[whatwg] Canvas "coordinate space units"
david at davidflanagan.com
Wed Jul 14 17:29:43 PDT 2010
Aryeh Gregor wrote:
> On Wed, Jul 14, 2010 at 3:03 PM, David Flanagan <david at davidflanagan.com> wrote:
>> I'm confused by the term "coordinate space units" as applied to the canvas
>> spec. It does not seem to be defined.
> It seems clear to me.
Even if clear, it is still undefined. And the words "coordinate space"
are so generic as to be meaningless here. "canvas units" or something
would make more sense.
The 2D context represents a Cartesian plane,
> and the units for everything are units within that plane. One
> coordinate space unit might correspond to any number of pixels,
> The intrinsic dimensions of the canvas element equal the size of the
> coordinate space, with the numbers interpreted in CSS pixels. However,
> the element can be sized arbitrarily by a style sheet. During
> rendering, the image is scaled to fit this layout size.
> The size of the coordinate space does not necessarily represent the
> size of the actual bitmap that the user agent will use internally or
> during rendering. On high-definition displays, for instance, the user
> agent may internally use a bitmap with two device pixels per unit in
> the coordinate space, so that the rendering remains at high quality
As an aside, do you think any implementations actually do that? It
seems to me that it would cause real problems with drawImage(): images
would look bad compared to drawn graphics...
>> It is used in the definition of the translate() method, for example, and
>> seems to imply that coordinate space units are affected by scale()
> The transformation matrix is referred to in a particular well-defined
> way by some methods. For instance, the rectangle methods say:
> The current transformation matrix must be applied to the following
> four coordinates, which form the path that must then be closed to get
> the specified rectangle: (x, y), (x+w, y), (x+w, y+h), (x, y+h).
> This only affects operations where it says so explicitly. Nothing
> that I see says it affects the coordinate space units themselves (if
> that even makes sense).
Okay; that makes sense. Points passed to path definition methods are
transformed according to the CTM. I tend to think of transformations as
affecting the entire coordinate space. But the spec is written with only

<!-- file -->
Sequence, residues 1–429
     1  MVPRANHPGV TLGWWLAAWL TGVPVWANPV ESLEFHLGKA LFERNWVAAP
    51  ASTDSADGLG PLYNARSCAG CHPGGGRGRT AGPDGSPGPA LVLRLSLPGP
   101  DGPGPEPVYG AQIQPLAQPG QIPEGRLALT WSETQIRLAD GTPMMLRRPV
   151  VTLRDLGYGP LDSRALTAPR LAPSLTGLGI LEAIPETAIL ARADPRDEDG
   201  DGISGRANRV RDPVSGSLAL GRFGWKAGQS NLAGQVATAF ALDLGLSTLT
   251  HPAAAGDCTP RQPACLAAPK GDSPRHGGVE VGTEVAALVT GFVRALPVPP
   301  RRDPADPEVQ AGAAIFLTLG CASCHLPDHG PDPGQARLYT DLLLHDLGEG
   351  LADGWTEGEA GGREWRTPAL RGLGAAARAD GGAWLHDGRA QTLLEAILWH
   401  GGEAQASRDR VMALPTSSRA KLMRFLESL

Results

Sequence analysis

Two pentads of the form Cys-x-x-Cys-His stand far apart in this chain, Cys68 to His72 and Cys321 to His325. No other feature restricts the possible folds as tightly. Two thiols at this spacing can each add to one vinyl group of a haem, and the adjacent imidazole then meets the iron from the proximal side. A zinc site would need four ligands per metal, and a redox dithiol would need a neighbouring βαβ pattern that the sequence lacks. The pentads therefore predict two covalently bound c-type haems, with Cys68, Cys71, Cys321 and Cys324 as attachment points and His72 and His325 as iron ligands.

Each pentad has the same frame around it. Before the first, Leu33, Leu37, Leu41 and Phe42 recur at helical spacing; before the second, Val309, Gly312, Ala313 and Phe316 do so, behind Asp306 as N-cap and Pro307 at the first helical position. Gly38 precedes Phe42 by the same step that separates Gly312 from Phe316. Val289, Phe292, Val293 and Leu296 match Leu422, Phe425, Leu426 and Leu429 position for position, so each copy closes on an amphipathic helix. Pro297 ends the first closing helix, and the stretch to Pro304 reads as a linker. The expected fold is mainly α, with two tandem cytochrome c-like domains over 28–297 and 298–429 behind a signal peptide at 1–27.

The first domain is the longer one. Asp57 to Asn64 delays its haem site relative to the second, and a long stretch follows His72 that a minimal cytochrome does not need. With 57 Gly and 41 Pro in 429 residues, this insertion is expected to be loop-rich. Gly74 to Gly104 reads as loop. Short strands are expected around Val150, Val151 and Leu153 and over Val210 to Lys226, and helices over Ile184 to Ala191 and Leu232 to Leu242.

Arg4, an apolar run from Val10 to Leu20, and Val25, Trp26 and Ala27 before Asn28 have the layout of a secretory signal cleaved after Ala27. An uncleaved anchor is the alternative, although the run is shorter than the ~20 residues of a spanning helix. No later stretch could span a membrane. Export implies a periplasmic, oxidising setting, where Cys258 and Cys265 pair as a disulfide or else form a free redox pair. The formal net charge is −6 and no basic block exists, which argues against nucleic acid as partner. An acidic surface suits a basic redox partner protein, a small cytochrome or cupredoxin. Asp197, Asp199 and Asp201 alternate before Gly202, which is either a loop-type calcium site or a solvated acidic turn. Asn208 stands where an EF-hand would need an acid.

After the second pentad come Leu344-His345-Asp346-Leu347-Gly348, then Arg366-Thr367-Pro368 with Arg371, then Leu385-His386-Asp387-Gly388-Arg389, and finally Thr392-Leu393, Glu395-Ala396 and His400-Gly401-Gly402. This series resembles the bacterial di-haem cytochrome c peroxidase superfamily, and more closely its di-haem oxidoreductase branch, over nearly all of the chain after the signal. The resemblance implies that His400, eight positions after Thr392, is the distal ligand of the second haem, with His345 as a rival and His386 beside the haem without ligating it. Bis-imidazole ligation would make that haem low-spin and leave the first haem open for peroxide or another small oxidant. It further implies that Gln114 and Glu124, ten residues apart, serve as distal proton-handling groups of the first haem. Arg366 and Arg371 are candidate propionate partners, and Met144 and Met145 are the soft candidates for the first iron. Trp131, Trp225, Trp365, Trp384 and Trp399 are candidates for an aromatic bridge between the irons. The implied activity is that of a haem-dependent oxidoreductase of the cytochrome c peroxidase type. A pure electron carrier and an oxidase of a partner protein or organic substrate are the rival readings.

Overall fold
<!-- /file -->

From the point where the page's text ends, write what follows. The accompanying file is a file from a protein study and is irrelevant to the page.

one coordinate space defined, and points are transformed to this space
as they are added to the path.
>> It is used in the definition of the lineWidth attribute as well. Chrome,
>> Firefox and Opera all scaled lineWidth and Phillip Taylor's test suite
>> expects this behavior as well.
> I can't find where it says lineWidth should be scaled . . .
It doesn't. But all implementations do it, as you pretty much be
expected (otherwise drawings wouldn't scale right). The spec does not
actually define what it means to stroke a line. If it did, it would
probably have to say something like this:
1) Transform all the points in the path using the inverse of the CTM to
convert them from the canvas coordinate space to the current user
coordinate space (or some such language).
2) Define rectangles around each straight line segment of the path,
where each rectangle is lineWidth pixels wide, and connect these
rectangles with caps, miters and so on. (this is the part that would be
a pain to spec, I think) So now the path has been transformed into a
set of polygons.
3) Transform those polygons back to the canvas coordinate space using
the CTM and fill them.
I'm not trying to suggest that the spec needs to be modified to
explicitly define how to stroke lines. But without an explanation of
the process, the handling of lineWidth is difficult to explain.
Certainly just saying that lineWidth is measured in coordinate space
units is not sufficient. To me, it seems to imply that line width
should never scale, and I don't think that is intended.
>> But then in the definition of shadowOffsetX and Y, the spec reads:
>>> Their values are in coordinate space units. They are not affected by the
>>> current transformation matrix.
>> The description of isPointInPath() uses similar language:
>>> when treated as coordinates in the canvas coordinate space unaffected by
>>> the current transformation,
>> So which is it? Are "coordinate space units" affected by scaling or not?
> As far as I can tell, no. When the transformation matrix is used, it
> says so explicitly. The language you point to for shadowOffset and
> isPointInPath is just a reminder. I think.
>> Are lineWidths supposed to be scaled? (Implementations do so consistently)
> I don't think they're supposed to be from reading the spec, although I
> don't know why not. Maybe I'm missing something, or maybe this needs
> to be clarified.
>> Are shadow offset supposed to be scaled? (Chrome does, Firefox and Opera do
> Doesn't it say explicitly that they shouldn't be?
>> I think a clearer definition of coordinate spaces would be helpful. Maybe
>> "device space" for the underlying pixmap, "canvas space" for the coordinates
>> defined by the width and height attributes of the canvas, and "user space"
>> for the space defined by the current transformation matrix?
> It might be a good idea to separate out the units for stuff affected
> by transformations vs. not, yeah. I don't know why anything shouldn't
> be transformed by the current transformation matrix, though.
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